Driving in a Fog by The FlyLady, Marla Cilley
What happens to us is that when we get overwhelmed our brains keep trying to play catch up and in the process, this brain frenzy short circuits our actions. Now don’t get me wrong we are working like crazy but we don’t seem to be accomplishing much because we are trying to do too much too fast.
We can even feel the CHAOS start to build. So why don’t we stop the avalanche before it comes sliding down on top of us! It is because we think if we just keep juggling we can keep all those balls in the air. We are not perfect and letâs face it; we are never going to be. But that is just fine with me. I don’t have to be perfect to be loved. My home does not have to be perfect to be lived in. Housework done incorrectly still blesses my family. I can do anything for 15 minutes! What doesn’t matter, just doesn’t matter!
When you feel the pressure start to mount then that is the time to let off some of the steam so you will not explode and the avalanche suffocate you! I can hear you now! HOW DO I DO THAT!
Let me tell you what I do when I start to feel overwhelmed. I stop dead in my tracks when I first realize that I am beginning to feel antsy and SIT DOWN!
Then I take a few deep breaths and get out a piece of paper. Automatically my heart rate slows down and that antsy feeling subsides. The reason it is hard for us to recognize that we are feeling overwhelmed is because we have been living on adrenaline most of our lives. We have to practice slowing down when we feel antsy instead of speeding up! Think of it this way. You are going to love this one.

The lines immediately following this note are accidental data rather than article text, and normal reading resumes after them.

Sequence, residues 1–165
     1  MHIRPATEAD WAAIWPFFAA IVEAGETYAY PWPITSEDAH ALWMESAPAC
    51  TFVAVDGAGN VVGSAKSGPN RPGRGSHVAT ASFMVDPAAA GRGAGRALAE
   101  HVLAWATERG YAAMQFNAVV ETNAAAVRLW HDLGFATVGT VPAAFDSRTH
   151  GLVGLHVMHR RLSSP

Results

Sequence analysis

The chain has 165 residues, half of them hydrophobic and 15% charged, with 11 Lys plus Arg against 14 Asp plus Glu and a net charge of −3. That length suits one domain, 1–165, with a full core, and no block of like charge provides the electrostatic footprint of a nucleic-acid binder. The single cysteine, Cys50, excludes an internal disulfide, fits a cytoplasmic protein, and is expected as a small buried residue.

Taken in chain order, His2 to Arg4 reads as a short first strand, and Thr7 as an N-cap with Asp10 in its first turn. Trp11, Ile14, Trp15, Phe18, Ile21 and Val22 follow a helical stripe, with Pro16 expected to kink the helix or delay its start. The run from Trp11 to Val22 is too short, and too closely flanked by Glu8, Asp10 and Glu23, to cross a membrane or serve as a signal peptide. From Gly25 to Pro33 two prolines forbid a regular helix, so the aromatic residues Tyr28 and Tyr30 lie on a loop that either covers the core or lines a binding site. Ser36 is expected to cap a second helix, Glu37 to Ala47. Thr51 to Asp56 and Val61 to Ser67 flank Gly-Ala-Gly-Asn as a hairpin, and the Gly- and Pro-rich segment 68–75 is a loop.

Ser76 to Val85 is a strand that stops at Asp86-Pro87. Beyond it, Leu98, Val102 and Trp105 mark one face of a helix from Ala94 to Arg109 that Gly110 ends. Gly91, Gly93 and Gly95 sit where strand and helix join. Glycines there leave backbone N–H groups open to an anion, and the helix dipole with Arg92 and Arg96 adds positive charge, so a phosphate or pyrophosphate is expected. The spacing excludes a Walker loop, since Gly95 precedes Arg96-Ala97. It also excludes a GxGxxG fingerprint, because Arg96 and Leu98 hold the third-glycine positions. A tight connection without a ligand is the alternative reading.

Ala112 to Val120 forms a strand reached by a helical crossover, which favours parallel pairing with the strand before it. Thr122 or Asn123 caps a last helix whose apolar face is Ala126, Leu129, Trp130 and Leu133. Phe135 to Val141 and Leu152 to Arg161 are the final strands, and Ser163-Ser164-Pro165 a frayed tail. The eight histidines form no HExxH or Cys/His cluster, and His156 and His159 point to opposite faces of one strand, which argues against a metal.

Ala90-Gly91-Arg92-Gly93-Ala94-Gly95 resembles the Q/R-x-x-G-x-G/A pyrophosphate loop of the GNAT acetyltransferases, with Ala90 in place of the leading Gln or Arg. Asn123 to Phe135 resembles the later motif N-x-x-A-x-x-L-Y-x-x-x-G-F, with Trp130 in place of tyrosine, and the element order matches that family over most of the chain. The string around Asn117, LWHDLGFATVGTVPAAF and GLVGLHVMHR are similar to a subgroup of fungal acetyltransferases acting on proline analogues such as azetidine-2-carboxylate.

When you are driving and you see a problem way up ahead; do you drive faster to get there quicker. No you slow down and become more cautious. Imagine that all of a sudden you are driving in a fog and you can’t see where you are going. You have to slow down. Now you can’t just stop(crawl in bed) on the highway because there will be a major pile up(the house will fall apart). You have to proceed slowly and cautiously; being aware of everything going on around you. You even turn off the music so you can concentrate more. If you have a phone call you ignore it. Your mind has to be focused. That fog represents what is going on in our heads when we are trying to do too much at one time!
We can do this with our driving! So letâs start practicing it with our race though our day. Your day doesnt have to be one pile up after another!
Slow your brain down by sitting down with a piece of paper.
Put on some calming music and examine what is happening to you. Ask yourself these questions.
Have I had any food today?
Have I had any water?
Am I angry?
Am I tired?
Am I dressed to shoes?
What are the priorities? Write them down on your paper and put first things first.
Set your timer for 5 minutes and take care of yourself so you can think.
Then use your timer to keep you focused. I call it a 15 minute day! It is kind of like crisis cleaning for your head. I take my list of priorities and start at the top and spend 15 minutes on that one. It doesn’t matter that it is not finished then I set my timer again and go to the next item on the list. I do this three times then I sit for 15 minutes and collect my thoughts and rest at the same time. After timer goes off; I start again!
Are you feeling overwhelmed right now? Try this! It doesn’t matter if you are at work or home? Your timer eliminates the fog in your head! Use it!
Are you ready to FLY in a Fog-free area?
For more help getting rid of your CHAOS, check out her website and join her free mentoring group at www.FlyLady.net or her book, Sink Reflections published by Random House and her New York Times Best Selling book, Body Clutter published by Simon and Schuster. Copyright 2011 Marla Cilley Used by permission in this publication.